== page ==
I've long believed that "accountability" - or at least the way we talk about it - is over-rated. When someone says there is "accountability" for a decision, it typically means that there is a negative consequence if that decision doesn't work out. This is, and always has been, a politically motivated attempt to protect certain people in the organization from poor outcomes.
The best, most concise explanation of why this doesn't work came from an unlikely source this morning - a baseball blog. Craig Calcaterra (who is an excellent baseball writer, btw) posted a short piece that links to a longer piece in The Globe (paywallm 1st 5 articles per month are free) on former Red Sox GM/now Columbia Executive-in-Residence Ben Cherrington who was, probably unfairly, blamed for a bunch of bad baseball decisions during his time in Boston. And then he was fired. Of course. Because someone had to be "accountable" for all of those losing seasons.
Calcaterra correctly points out why this is a bad organizational policy.
That's exactly right.
I'm not arguing he should have been fired. I'm just saying that poor outcomes that inevitably lead to dismissing an employee should be handled with more nuance. Accountability shouldn't be about knowing who to pin bad decisions on; it should be about knowing who to turn to when a negative outcome needs to be fixed.
Big (and publicly traded) organizations have certain political realities to deal with, but smaller organizations with more centralized control, should not model "accountability" after sports franchises or political offices. Accountability is about being future-looking - about creating ownership to make the right decisions, take the appropriate risks, and fixing problems that arise either as a result of these decisions or external to them.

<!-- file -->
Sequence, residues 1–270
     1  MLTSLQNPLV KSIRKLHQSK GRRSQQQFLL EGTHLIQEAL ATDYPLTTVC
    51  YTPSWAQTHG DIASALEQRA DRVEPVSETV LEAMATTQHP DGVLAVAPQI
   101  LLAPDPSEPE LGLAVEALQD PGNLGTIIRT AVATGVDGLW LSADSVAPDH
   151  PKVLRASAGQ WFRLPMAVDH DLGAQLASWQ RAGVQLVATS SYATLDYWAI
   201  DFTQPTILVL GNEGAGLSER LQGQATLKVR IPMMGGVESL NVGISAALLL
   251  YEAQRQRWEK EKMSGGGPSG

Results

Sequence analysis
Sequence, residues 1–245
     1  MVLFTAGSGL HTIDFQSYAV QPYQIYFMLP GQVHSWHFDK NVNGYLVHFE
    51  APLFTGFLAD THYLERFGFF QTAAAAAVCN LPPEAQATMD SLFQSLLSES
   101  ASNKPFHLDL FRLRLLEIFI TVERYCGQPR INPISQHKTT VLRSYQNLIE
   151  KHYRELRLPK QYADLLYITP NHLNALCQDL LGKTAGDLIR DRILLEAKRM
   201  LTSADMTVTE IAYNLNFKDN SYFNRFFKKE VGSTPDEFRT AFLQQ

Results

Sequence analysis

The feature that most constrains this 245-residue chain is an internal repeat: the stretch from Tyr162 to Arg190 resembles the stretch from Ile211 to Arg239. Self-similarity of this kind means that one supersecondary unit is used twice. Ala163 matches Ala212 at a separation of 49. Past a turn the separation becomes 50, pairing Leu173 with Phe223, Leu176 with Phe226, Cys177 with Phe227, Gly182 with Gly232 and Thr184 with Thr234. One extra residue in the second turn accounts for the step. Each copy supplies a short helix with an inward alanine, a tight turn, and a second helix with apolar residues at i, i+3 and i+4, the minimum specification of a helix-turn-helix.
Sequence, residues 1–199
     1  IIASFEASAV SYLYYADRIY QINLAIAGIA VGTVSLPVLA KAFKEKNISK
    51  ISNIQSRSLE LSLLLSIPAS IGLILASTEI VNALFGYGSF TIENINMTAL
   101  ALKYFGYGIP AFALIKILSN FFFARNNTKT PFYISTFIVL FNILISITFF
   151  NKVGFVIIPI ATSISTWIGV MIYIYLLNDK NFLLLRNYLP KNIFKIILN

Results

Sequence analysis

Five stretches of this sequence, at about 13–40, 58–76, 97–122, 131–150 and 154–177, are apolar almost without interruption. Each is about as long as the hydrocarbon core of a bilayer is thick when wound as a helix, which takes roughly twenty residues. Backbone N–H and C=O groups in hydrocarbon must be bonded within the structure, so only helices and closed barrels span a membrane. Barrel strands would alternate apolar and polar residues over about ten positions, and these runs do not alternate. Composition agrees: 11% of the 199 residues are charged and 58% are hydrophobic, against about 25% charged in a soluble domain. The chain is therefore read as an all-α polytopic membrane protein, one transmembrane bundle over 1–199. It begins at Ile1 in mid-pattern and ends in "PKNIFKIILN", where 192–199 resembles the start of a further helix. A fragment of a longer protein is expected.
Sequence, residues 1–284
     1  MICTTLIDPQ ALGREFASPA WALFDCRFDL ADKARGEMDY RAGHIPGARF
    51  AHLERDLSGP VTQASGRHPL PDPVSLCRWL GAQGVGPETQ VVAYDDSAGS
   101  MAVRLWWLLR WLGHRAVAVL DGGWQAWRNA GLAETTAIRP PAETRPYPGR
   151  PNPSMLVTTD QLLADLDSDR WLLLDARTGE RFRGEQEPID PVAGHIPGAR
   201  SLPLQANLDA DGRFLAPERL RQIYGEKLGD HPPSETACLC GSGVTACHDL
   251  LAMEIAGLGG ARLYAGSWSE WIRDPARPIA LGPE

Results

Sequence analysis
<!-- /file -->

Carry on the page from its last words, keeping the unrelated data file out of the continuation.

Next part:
When a problem occurs, the question to ask should be "who is best positioned to fix this." When analyzed without bias or anger, this is often the person who created the problem in the first place. Because many decisions we make are hard and, frankly are a game of statistics. There is rarely a path that will yield the correct result 100% of the time - in the best case, there is probably a 70% or 80% chance of success. In the worst cases, there may be a smaller chance of success - perhaps 10%, but the leadership team recognizes that there is limited downside or decides that the downside risk is far outweighed by the potential benefit.
And then there is the question of how the success or failure of a decision is measured. Do you decide whether something it successful right away? After one series of tweaks? After three tweaks? After one overhaul? After a pivot?
Sometimes staffing changes are necessary but basing them on one or two poor outcomes is usually short-sighted. If people with the right judgement are put in positions of influence, there is an open dialogue with them about when to make big bets or small bets, and the organization supports them in fixing issues that arise rather than blaming them, the chances of long-term success are much greater. And only when it is determined that level of judgement or diligence is not present should staffing changes be pursued.
Re-framing what accountability means to your organization is necessary for building a sustainable, forward-looking team, and recognizing the dynamics that accountability creates is critical to building the right staff to bring the organization to the next level.